It was as if we were all part of some strange society living under a dictatorship. There was a […] building […] that I lived in or worked in […]. It was a huge, expansive building that was built with a lot of white and […] glass – quite sleek and modern […]. There was another part of the building – an extension – that was just the opposite. It was a tremendous outdoor ring that resembled the ones the Romans used […] to entertain themselves with gladiators and fights – and executions.
[…] this strange government ordered the execution of a large group of mostly women […]. I was among the ones to be executed […] in the ring by a firing squad. It was the night before our execution and we were […] crowded in a corner of the ring musing over our fate. They were […] talking and I shouted, “Wait a minute! Why do we have to be executed? Just because we’re women?” But they looked at me like I was a lunatic and ignored me. I kept trying to make them listen, but they wouldn’t.
My parents quickly accepted that I had to be killed. They were the ones that took me down to the ring. They started to sell my belongings out on the streets […].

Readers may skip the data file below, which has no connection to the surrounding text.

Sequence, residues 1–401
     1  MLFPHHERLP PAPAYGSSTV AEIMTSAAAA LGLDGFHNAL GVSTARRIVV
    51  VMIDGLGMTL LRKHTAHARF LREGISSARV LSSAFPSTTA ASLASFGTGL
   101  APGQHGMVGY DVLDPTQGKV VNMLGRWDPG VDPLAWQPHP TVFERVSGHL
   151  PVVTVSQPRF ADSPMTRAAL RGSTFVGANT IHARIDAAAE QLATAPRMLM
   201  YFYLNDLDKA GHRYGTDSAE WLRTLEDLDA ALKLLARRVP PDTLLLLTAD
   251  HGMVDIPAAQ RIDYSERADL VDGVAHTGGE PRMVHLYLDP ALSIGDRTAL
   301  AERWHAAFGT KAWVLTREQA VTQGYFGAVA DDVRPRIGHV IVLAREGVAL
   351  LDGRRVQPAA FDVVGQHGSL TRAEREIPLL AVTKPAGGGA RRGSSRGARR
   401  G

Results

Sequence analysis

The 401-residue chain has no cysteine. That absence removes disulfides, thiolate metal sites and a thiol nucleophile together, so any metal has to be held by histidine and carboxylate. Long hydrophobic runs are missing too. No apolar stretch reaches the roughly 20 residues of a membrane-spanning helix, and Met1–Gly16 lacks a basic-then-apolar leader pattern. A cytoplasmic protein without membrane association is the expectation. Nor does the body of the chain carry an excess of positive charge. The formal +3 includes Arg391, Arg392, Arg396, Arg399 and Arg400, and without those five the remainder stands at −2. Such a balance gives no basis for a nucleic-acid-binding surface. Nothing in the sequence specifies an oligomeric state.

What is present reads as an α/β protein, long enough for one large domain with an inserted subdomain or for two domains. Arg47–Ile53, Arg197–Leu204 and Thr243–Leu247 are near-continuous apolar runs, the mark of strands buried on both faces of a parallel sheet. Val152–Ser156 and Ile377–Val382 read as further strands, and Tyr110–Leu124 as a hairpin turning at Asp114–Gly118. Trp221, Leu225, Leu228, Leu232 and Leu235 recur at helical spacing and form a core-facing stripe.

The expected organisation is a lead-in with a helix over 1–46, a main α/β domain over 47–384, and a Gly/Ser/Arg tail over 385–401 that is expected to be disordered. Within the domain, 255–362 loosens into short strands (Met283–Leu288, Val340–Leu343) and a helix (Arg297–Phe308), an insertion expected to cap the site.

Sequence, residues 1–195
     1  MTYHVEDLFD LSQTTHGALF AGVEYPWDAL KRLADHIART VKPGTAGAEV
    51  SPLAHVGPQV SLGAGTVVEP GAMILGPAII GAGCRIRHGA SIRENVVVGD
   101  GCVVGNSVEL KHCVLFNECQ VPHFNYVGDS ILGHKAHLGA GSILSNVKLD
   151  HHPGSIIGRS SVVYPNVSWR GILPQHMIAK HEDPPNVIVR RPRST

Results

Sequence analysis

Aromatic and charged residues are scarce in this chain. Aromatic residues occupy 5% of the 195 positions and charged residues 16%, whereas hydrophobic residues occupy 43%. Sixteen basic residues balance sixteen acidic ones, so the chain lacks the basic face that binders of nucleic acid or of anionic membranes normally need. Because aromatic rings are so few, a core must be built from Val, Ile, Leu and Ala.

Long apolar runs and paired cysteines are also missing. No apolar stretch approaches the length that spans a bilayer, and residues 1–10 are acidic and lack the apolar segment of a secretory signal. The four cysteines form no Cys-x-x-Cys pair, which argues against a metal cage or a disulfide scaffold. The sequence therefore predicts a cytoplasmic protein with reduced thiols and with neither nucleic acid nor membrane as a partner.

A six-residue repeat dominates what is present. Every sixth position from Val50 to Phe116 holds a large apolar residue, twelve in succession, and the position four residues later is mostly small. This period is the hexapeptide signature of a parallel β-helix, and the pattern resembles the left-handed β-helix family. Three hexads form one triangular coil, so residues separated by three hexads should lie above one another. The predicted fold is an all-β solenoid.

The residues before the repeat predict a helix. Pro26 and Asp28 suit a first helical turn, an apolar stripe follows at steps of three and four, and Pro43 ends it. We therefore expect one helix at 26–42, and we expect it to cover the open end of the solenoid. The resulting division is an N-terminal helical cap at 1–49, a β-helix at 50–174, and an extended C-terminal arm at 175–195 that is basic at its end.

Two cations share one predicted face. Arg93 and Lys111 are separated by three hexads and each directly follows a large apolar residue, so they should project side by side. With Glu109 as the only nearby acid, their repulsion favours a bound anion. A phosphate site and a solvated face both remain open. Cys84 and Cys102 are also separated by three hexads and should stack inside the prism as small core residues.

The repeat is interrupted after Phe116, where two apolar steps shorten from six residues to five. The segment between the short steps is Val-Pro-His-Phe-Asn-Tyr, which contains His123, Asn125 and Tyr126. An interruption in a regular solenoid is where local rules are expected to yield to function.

The next day there was a huge line that twisted through the halls of the strange building – a line of people waiting to be shot to death. I was standing in line, quivering over my fate […]. I saw several of my friends who weren’t going to be killed passing […] by me without even stopping to offer their sympathies. “Help me!” I cried out to them. “I’m going to be executed!” But they just ignored me and kept right on walking. […].
Then [Ana] appeared beside me and she laughed […] and said something that didn’t quite make sense. “Your mother works in the institution,” I said to her, because I remembered seeing her mother. “Surely, you can help me.”
[Ana] wasn’t acting very logically, but she did help me. She led me out of the line and […] through a hidden door in the wall. And thus I made my escape.